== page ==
Queensryche, as a musical force, stands alone. Queensryche does not sound like other bands; other bands sound like Queensryche. Representing a monumental shift in metal music at a formative stage of the genre, they laid the foundation for what would become progressive metal. Formed in 1980, the band has produced several era defining albums during their more than forty years of existence. They have a singular legacy, and that legacy may be Queensryche’s greatest challenge. After decades of changing musical tastes and high profile member departures, how does Queensryche survive? Their new release, Digital Noise Alliance, may be the answer.
Screamer Magazine sat down with Queensryche founding member, Michael Wilton, to discuss looking forward, looking back, and everything in between.
Digital Noise Alliance is the perfect synthesis of old and new. It is wholly original but carries all the hallmarks of that classic Queensryche sound. There is a good reason for this. Wilton explains, “On this recording, it was very organic. We wanted to have spontaneous ideas, songs where everyone was involved in a room. This wasn’t internet based or anything like that. This was everybody in a room, ideas happening, and built in real-time. This one was like a throwback to how we did it in the 80s, you know?” It was a return to the early days spent in former drummer, Scott Rockefield’s parents’ garage, lovingly named ‘The Dungeon’ where it all began. It was back-to-basics. “We’d play them together and build them,” Wilton continues, “but with a modern approach. Now, we have the computer, Pro Tools, to archive ideas, which is very good because, at my age, I may throw out an idea that everybody loves, and I won’t remember it in ten minutes,” he jokes. The opening track, In Extremis, recalls a song structure reminiscent of The Warning, Rage for Order or even the self-titled EP, Queensryche. The double-attack lead guitars of Wilton and Mike Stone. The otherworldly resonance of Todd La Torre’s high notes. Eddie Jackson’s bass…a foundation of granite but as flawless and fluid as ever.
“This wasn’t internet based or anything like that. This was everybody in a room, ideas happening, and built in real-time. This one was like a throwback to how we did it in the 80s…”
As organic as the process may have been, time in the studio moved with direction. Working with Zuess (Rob Zombie, Hatebreed) in the producer’s chair, there was a conscious effort to return to a less digitized sound. With serious credibility in the hardcore arena, Zuess was a choice that gave the songs a raw, stripped down, tactile texture. Digital Noise Alliance’s final cut is undiluted Queensryche. Nothing about it feels forced. “Because of the spontaneity of this album, it developed so naturally. Zuess said, ‘Why don’t you bring in all your Marshall [amp] heads?’ And I was like, ‘yeah, I have all the Marshall heads from previous recordings.’ So, we set up six of my Marshall heads and that just gave the recording a vintage-y feel. It’s got that tone of the old days. What was great is that we’d use combinations of amps, and they all have their own personality and sound. It was fun. And, we would say, ‘let’s try the sound from Rage for Order or Promised Land!’ It was definitely a fun guitar album.” You don’t have to dig too deep to uncover that sound. Wilton has the ability to explore on the fringes of a huge tonal canvas without losing its center. Arguably, Queensryche has deviated from its musical tides before, but the ship has been righted on this one.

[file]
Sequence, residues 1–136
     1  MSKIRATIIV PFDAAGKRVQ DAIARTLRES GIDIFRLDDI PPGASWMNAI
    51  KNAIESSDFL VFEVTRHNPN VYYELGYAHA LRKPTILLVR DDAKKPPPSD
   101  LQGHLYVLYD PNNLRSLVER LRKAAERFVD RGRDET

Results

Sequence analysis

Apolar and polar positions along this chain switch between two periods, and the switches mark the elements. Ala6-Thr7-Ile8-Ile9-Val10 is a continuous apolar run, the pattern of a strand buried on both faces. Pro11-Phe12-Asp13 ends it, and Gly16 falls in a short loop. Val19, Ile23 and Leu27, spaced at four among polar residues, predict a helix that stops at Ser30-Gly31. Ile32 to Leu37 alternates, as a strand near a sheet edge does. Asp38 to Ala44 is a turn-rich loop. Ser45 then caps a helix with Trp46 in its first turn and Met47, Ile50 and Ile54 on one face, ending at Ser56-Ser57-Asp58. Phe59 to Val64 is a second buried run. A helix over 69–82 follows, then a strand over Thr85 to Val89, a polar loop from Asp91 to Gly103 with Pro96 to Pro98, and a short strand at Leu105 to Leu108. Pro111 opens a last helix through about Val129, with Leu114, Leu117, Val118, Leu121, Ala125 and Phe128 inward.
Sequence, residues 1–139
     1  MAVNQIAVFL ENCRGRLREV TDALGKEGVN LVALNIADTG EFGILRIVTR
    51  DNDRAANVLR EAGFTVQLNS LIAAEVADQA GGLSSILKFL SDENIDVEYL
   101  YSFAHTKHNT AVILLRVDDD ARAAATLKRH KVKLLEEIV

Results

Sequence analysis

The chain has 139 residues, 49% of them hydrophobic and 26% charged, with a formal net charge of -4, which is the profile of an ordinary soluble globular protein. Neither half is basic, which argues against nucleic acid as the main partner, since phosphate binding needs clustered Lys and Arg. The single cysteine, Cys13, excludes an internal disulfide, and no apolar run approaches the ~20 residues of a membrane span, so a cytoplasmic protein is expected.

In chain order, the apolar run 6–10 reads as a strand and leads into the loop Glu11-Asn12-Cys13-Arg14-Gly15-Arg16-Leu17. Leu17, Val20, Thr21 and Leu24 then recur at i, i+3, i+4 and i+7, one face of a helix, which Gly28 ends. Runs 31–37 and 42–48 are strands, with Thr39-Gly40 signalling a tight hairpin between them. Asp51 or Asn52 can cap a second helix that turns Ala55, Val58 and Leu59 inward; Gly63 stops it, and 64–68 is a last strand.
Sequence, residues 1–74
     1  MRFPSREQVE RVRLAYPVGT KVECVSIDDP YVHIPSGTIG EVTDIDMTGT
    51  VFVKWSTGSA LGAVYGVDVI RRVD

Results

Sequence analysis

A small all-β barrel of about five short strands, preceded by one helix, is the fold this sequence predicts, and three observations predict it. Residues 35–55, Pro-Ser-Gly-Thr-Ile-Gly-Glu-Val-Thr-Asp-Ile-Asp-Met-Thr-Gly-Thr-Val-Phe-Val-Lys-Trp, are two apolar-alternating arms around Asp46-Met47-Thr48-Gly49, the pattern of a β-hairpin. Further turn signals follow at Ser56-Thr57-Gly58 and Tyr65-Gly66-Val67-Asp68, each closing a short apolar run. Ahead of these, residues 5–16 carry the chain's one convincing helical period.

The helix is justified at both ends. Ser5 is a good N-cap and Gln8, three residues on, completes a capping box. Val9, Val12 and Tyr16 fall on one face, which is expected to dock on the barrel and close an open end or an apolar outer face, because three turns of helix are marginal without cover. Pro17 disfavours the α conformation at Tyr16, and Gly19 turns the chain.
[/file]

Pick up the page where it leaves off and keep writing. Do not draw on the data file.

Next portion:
Wilton acknowledges that he was a bit of a guitar collector decades past but is less so these days. When asked about his recent guitar choices, he returns to the guitars that originally defined Queensryche. “I have five or six [guitars] that I go to. I know they’re going to sound good, but I do go back to the earlier guitars. Like the skull guitars have Floyd Roses [tremolos] on them but there are Floyd Rose upgrades, so I can supercharge my older guitars. They are the ones that I really like, and I’m finding ways to bring them up-to-date. I also have a boatload of effect pedals,” he admits, “that I plug in once in a while. Sometimes, it’s too easy to plug in the Kemper [digital profiler], which I know is going to be instantly perfect every time. It’s nice when you don’t have time to set up everything, but there is something that just feels so great about plugging a guitar into an amp. I love it,” he says with no small amount of sincerity. “Yeah. I really do love it.” Wilton includes the latest digital innovations in his repertoire of amps and guitars, but he has gone decidedly analog on Digital Noise Alliance. It is the perfect statement for an album at a crossroads of old and new for the band.
Queensryche has an unenviable challenge: continually meet fan expectations without sacrificing originality. It is a challenge that confronts many legendary bands, but, as Wilton explains, Queensryche has managed to stay true to their vision and legacy. “The ideas just flow into my head, and I just go with them. For some reason, they just sound like Queensryche,” he shrugs. “We never try to write this or that. It’s more, ‘let’s build around your drum riff. Let’s build around your vocals. Let’s build around my guitar riff.’ What happens in our situation is the song dictates what it needs. We don’t overplay. We don’t throw in as much crazy ear candy. But yeah, I don’t try to overplay. Don’t do it for the sake of flash. ‘Hey, look at me! Look at me!’” He smiles. “I’m passed those days.” Digital Noise Alliance reflects this. It is unified in its performance. Everything fits and speaks to the themes of the album—lyrically, harmonically, kinetically.
“We do occasionally want to experiment, but, you know, we never go too far out of the box. What I’m trying to say is, when you go too far out of the box, you can lose that connection with the fans…”